through thick and thin

To be able to handle the good times as well as the bad times, reflecting commitment and determination.

One unsubstantiated theory says that ‘thick’ represents the good times, and ‘thin’ the bad times. The theory suggests that the phrase may have originated in the fact that when there’s not enough food to go round, you slice meat and bread more thinly so that everyone still gets a slice, though it’s thinner. 

I like that theory and it makes sense, but the explanation is actually the other way around. The origin and history of the phrase confirms that ‘thick’ means tough, and ‘thin’ means easy.

The phrase is one of the oldest recorded idioms in the English language, dating back to at least the 900s when it appeared in the Exeter Book, a collection of poetry from Anglo-Saxon England. This was when England was still a predominantly wooded country, with few roads, and the phrase originated as ‘through thicket and thin wood,’ a literal description of making progress through the ‘thick’ English countryside. At that time, people could take paths and roads to reach their destinations, but these were often “through thicket and thin wood.” 

Sadly, England was heavily deforested between the 1100s and 1500s, when many, many trees were harvested to build homes and ships. Much of Western Europe, in fact, was denuded of trees during this period in history. However, there may have been benefits. According to Tolkien’s Lord of the Rings, going through thicket and thin wood could be dangerous without an experienced guide.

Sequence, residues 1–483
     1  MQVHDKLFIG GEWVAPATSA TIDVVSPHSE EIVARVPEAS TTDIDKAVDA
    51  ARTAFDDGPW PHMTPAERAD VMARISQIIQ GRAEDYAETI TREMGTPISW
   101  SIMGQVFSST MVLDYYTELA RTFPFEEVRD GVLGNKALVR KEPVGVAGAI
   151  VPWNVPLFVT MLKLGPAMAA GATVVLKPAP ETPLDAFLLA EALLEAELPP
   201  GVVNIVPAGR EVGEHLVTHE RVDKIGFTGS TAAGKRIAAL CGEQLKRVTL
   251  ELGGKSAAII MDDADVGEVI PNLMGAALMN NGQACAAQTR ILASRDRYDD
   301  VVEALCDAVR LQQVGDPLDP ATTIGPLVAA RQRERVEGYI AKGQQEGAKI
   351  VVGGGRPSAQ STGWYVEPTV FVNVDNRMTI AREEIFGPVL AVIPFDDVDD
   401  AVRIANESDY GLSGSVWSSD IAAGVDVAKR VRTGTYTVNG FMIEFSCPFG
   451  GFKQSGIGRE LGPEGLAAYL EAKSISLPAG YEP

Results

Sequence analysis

‘Through thick and thin,’ then, is clearly a shortening of ‘through thicket and thin wood,’ and by the 1300s, most people were using this phrase. Chaucer included the idiom in his work, The Reeve’s Tale:

“And when the horse was loose, he begins to go
Toward the fen, where wild mares run
And forth with ‘wehee,’ through thick and through thin”

The earliest citation for the contemporary wording appears to be in Richard Baxter’s religious text A Saint Or a Brute: The Certain Necessity and Excellency of Holiness, 1662:

“Men do fancy a necessity [of holiness] where there is none, yet that will carry them through thick and thin.”

I prefer to rely on Lady Luck. Sometimes she comes through. I don’t suppose she has to worry about “thick” or “thin.”

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